I’m not sure how deep this wound goes or how infected it has become. Since I don’t know quite what I’ll find, I’m hesitant to rip off the bandages and expose it for others to see.
But I have a hunch that things are pretty serious now. The pain is growing—you can see the sickness spreading through my veins.
Sometimes I wish light was not the only solution for darkness. I wish I could hide and heal at the same time. But I can’t.
Two Sundays ago I found myself painfully aware of how no matter the church, no matter the speaker, when I am sitting in a church congregation there is a deep, deep anger in my soul.
Each word and prayer spoken leaves a bitter taste in my mouth. The places everyone else seems to find God, I’ve only found pain.
Heartbroken, I’ve repeatedly asked the Lord to heal me.
For months, even years now, I’ve felt this conflict between wanting to back away from church but also aching for my Savior. Aching to feel his presence again.
To be reminded of the only thing that has ever fully satisfied my heart. The one who does not call my anxiety or my sensitivity flaws, but uses them to draw me closer.
If you wonder why millennials are walking away from the church, you ought to know that it’s because we miss him. We miss the Jesus who walked with the disciples, who treated women as equals, and whose greatest command was to love one another.
All that Evangelical Christianity seems to offer us is a list of theological checklists for a meaningful (and correct) relationship with God—and a Jesus who sounds a lot like Paul.
Our denominations are built on views and decisions made by human beings and we cling to those decisions claiming we’re clinging to scripture. As if God in all his infinite wisdom and wonder could be purely explained and rationalized out by a group of old men.
While I certainly don’t think we should throw it all away, my soul can’t find rest in the Evangelical world anymore. I’m caught in the in-between.
Here in the in between things get pretty lonely.
Here in the in between are the church wanderers. Drifting from place to place, we find one dry well after another—no living water in sight. Even in the places we find that have depth and life, there are always the moments when words are spoken and jokes are made that leave us squirming in our seats.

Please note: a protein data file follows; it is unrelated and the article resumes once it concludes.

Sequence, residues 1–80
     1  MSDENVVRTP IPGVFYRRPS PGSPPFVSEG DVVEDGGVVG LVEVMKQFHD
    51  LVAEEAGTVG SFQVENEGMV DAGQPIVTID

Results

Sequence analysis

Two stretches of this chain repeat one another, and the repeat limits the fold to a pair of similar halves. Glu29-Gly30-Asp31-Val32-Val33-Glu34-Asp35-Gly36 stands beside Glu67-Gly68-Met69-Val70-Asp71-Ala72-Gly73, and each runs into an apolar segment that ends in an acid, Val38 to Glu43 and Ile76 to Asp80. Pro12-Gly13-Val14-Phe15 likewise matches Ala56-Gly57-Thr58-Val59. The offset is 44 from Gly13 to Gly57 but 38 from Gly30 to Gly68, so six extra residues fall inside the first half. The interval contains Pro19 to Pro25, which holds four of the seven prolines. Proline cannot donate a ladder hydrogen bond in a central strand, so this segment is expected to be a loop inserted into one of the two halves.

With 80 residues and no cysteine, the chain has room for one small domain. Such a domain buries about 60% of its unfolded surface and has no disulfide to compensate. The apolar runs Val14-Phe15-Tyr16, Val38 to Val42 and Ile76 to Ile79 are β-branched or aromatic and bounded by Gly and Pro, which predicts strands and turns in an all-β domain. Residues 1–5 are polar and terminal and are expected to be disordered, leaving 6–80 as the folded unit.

Here in the in between are the tightrope walkers. Those who understand the careful balance of knowing when to keep quiet about their opinions—knowing when to preface them with, “I’m not saying I really believe this…” and knowing when their opinions are welcome.
Here in the in between are the broken hearts. Broken and bleeding hearts hungry for reconciliation. Hungry for an end to all the social wars.
Here are the hearts aching for a place to call home. Here are the hearts searching for others who see that perhaps God is doing a new thing and the categories we used to have need to be set aside.
This deep wound of mine is far too common. But there’s hope on the horizon. The version of Christianity millennials have always known isn’t all that there is. God is far greater than theological arguments and “lines in the sand.”
Even as I continue to distance myself from the title of “evangelical,” I still want to practice what Sarah Bessey calls, “the radical, spiritual act of staying put.”
I want to remain right in the middle of the mess, speaking up for reconciliation, and trusting that God will show up again. There is healing and wholeness just ahead. The Lord is holding onto us even when we don’t have the strength to hold onto him.